Max’s Restaurant mixes Filipino, American influences

“The house that fried chicken built,” Max’s Restaurant calls itself, and fair enough.

Max’s, which uses the subtext “Cuisine of the Philippines,” reportedly got its start in that country’s Quezon City in 1945, catering to American GIs with steaks and drinks and especially the family recipe fried chicken, still served today in its restaurants in the Philippines and across North America.

And it’s really good fried chicken ($9.99 for a half or $14.99 for a whole), the crisp crust devolving into golden shards and yielding to supermoist meat within. It’s also pretty bland by today’s standards — Americans liked everything a lot plainer in 1945 — but that’s remedied easily enough with a mixture of banana ketchup, Worcestershire and hot sauce, suggested on the menu and available on the table. With it: some really good, slightly crunchy sweet-potato fries, which seemed to come with it but turned out costing extra ($2.50).

Not all Filipino dishes translate readily to the American palate, but one that does is the eggroll-like lumpiang, offered in two variations on Max’s menu. The idea of trying both was dashed when the server said there’d be about 16 of them — although he said they were small, which they were — so sticking to the lumpiang Shanghai ($8.99) seemed the way to go. And they were excellent, testament to the cravings expatriates are known to get. The extra-crunchy wrappers enfolded a mixture of ground pork and vegetables, and the sweet-and-sour sauce on the side provided an extra jot of flavor that wasn’t even needed. They were served in a sort of bowl made from a fried lumpiang wrapper, a novel touch.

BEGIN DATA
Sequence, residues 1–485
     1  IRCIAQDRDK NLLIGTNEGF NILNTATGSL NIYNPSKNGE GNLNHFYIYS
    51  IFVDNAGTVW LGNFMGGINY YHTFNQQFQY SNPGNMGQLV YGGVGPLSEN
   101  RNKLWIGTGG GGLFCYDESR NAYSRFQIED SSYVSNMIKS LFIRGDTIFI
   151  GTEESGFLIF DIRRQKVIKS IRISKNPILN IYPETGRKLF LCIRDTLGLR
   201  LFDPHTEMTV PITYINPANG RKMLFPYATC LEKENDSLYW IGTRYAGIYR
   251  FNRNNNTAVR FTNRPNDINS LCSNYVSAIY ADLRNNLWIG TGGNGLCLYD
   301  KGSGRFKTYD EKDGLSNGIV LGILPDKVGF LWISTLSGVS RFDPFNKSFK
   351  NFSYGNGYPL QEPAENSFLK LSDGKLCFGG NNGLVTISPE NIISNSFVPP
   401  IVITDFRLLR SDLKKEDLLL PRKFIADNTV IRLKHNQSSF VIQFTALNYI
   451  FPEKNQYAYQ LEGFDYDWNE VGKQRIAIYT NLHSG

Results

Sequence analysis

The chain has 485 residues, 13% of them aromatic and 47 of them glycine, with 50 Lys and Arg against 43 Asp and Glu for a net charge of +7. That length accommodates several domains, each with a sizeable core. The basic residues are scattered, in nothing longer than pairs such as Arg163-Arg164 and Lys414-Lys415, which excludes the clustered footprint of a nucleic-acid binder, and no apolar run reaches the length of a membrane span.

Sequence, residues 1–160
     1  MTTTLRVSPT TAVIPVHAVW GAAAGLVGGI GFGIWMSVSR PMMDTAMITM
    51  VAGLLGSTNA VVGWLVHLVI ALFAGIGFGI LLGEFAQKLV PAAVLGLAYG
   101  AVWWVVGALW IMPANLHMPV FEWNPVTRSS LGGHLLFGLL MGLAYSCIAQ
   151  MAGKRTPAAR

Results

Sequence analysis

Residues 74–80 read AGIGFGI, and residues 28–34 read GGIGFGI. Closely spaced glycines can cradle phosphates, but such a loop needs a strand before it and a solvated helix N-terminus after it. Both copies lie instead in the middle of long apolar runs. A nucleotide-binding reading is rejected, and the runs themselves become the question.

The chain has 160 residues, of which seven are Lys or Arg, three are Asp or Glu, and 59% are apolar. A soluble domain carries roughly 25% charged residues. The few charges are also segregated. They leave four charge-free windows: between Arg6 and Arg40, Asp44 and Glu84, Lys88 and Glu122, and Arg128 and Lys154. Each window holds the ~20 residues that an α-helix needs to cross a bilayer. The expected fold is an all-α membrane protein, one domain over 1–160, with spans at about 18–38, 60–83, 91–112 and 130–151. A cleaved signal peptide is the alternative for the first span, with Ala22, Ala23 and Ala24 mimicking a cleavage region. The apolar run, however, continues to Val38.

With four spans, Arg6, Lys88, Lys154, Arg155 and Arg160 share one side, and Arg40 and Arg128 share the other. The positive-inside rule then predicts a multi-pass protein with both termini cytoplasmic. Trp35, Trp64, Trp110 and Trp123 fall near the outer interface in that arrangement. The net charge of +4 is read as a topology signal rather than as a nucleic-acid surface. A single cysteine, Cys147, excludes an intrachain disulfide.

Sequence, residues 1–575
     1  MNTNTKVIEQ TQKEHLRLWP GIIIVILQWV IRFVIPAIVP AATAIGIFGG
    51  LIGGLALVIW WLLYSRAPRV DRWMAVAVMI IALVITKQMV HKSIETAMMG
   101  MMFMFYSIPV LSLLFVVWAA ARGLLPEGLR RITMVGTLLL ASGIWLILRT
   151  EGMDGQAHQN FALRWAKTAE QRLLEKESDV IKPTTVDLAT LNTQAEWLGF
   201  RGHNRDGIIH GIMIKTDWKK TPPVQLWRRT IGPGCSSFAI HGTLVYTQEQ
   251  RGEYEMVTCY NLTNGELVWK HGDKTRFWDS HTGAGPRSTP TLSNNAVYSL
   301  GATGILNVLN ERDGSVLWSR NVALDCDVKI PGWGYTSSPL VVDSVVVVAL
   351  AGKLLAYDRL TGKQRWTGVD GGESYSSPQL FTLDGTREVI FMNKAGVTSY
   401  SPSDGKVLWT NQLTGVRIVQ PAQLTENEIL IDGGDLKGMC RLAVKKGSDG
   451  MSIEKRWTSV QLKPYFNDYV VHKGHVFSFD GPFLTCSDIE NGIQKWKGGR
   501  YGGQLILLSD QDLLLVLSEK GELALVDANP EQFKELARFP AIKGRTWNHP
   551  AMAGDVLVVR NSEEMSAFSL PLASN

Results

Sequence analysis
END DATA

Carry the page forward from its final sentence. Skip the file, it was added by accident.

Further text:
A dish that turned out to not so readily translate to the American palate was the kare kare ($13.99 for regular or $22.99 for large), which was a beef-peanut stew that sounded a whole lot better than it turned out to be. We expected the beef shank and oxtail to be bony, and they were, but the “thick peanut sauce” was devoid of peanut flavor and actually had a sort of watery taste, although it wasn’t overly thin. A passing employee urged us to jazz it up with the shrimp paste that was served with it, and that’s an acquired taste if ever there was one. The menu said this was a house specialty and “a native delicacy,” but next time we’ll stick to pancit.

Service throughout was fine, questions immediately answered and information offered whenever we seemed even slightly doubtful. It’s also a pleasant place, a former chain steakhouse with an open, airy look, sleek and comfortable.

In the final analysis, how much you’ll enjoy Max’s Restaurant pretty much depends on how familiar you are with Filipino food. But as far as the fried chicken goes, all those GIs were on the right track.

Las Vegas Review-Journal restaurant reviews are done anonymously at Review-Journal expense. Email Heidi Knapp Rinella at Find more of her stories at and follow @HKRinella on Twitter.

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